Dragonfly

Take action for insects

41% of insect species face extinction. 

Insects are dying out up to 8 times faster than larger animals says a new report showing the devasting and serious decline in insect populations happening right now across Britain. 

This is happening for many reasons and is a grave cause of concern. But it’s not too late to act! Insect populations can recover, and we know what needs to be done to save them.

Let’s help build a Wilder Future for Britain where insects and wildlife can thrive. 
If we work together, we can all:

STOP killing insects by reducing our use of pesticides where we live, work and farm 

START to create more insect-friendly habitats in towns, cities and the countryside.

The easiest thing we can all do today is pledge to help insects.

Need to know more? Click here for further details and references

Insect populations are in decline as a result of a number of man-made stresses including habitat loss, chronic exposure to complex mixtures of pesticides, the spread of non-native insect diseases within commercial bee nests, and the beginnings of the impacts of climate change [Goulson et al. 2015]. The disease issue primarily affects only bees, but the others are problems that all insects face. 

Without insects a multitude of birds, bats, reptiles, amphibians, small mammals and fish would disappear, for they would have nothing to eat. Eighty-seven percent of all plant species require animal pollination, most of it delivered by insects [Ollerton et al. 2011]. That is pretty much all of them aside from the grasses and conifers. Approximately three-quarters of all crop types grown by humans require pollination by insects, a service estimated to be worth between $235 billion and $577 billion per year worldwide [Lautenbach et al. 2012].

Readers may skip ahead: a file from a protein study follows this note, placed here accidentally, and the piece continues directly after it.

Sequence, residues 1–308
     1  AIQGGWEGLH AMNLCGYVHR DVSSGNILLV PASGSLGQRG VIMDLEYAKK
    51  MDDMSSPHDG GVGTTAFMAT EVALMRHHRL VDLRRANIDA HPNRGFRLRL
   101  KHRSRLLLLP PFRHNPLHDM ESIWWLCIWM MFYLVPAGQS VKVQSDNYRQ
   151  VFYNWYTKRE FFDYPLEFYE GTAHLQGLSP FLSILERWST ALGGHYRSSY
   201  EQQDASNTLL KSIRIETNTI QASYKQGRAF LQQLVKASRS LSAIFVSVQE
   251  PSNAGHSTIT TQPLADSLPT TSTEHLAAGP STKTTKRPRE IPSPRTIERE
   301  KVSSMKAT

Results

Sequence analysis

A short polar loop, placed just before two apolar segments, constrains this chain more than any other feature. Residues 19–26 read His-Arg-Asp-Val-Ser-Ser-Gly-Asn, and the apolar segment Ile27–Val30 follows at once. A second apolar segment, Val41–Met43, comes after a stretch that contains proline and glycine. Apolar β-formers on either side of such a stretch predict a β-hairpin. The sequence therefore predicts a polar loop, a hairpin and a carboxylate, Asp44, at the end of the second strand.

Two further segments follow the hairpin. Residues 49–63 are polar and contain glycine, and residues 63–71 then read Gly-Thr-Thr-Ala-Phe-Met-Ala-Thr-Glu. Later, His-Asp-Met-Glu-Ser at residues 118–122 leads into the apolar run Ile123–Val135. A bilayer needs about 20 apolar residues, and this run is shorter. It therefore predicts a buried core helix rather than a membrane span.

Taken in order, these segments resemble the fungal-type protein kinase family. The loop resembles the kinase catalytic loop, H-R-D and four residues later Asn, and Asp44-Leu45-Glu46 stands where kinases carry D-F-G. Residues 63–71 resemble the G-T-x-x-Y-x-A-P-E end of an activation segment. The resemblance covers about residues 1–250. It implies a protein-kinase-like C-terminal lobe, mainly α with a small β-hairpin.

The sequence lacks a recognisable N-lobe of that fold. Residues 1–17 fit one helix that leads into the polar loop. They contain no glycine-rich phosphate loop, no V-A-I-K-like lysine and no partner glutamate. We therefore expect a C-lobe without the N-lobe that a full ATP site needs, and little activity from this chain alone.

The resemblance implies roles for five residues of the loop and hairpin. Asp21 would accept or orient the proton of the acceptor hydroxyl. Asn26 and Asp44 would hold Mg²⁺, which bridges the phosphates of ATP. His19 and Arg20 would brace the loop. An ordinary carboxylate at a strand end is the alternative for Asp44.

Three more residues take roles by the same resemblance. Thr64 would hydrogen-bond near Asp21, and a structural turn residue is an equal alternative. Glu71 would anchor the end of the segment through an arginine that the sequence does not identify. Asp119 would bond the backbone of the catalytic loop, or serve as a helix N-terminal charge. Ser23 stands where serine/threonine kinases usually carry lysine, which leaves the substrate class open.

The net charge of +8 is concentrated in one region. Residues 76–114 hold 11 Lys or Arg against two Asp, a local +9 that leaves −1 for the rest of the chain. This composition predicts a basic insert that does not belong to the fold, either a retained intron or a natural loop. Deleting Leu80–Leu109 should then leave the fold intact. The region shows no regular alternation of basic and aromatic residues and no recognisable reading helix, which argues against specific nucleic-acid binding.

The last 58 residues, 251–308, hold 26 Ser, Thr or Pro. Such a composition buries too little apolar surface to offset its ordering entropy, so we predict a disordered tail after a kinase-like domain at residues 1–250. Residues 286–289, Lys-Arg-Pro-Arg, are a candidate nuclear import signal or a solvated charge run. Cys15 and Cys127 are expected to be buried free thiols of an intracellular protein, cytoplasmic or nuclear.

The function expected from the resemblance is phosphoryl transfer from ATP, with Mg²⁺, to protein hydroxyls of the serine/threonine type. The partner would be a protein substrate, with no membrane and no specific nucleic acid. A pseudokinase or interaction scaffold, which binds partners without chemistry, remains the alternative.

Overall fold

Financial aspects aside, we could not feed the global human population without pollinators. Insects provide a multitude of ecosystem services to us including pollination, nutrient recycling , decomposition, pest control and food for other species. 

Read the report for more 

Join Action for Insects today

I pledge to take practical, positive action in my own home and garden to help insects 

When you pledge, you will receive two easy guides to help you go chemical free, and create safe and healthy homes for insects. If you opt in to receive emails, we will also keep you updated with further Action for Insects news and actions

Keep in touch with your Wildlife Trust

We’d love to keep in contact with you about the work of The Wildlife Trusts and other ways that you can get involved with your local Wildlife Trust. By consenting, your contact details will be sent to your local Wildlife Trust.

We promise to protect your data, in accordance with the Wildlife Trusts Privacy Policy.

If you are a member or supporter and want to change your contact preferences, please get in touch with your local Wildlife Trust directly. The buttons above will not change any existing contact preferences held with them.

Nature scene in silhouette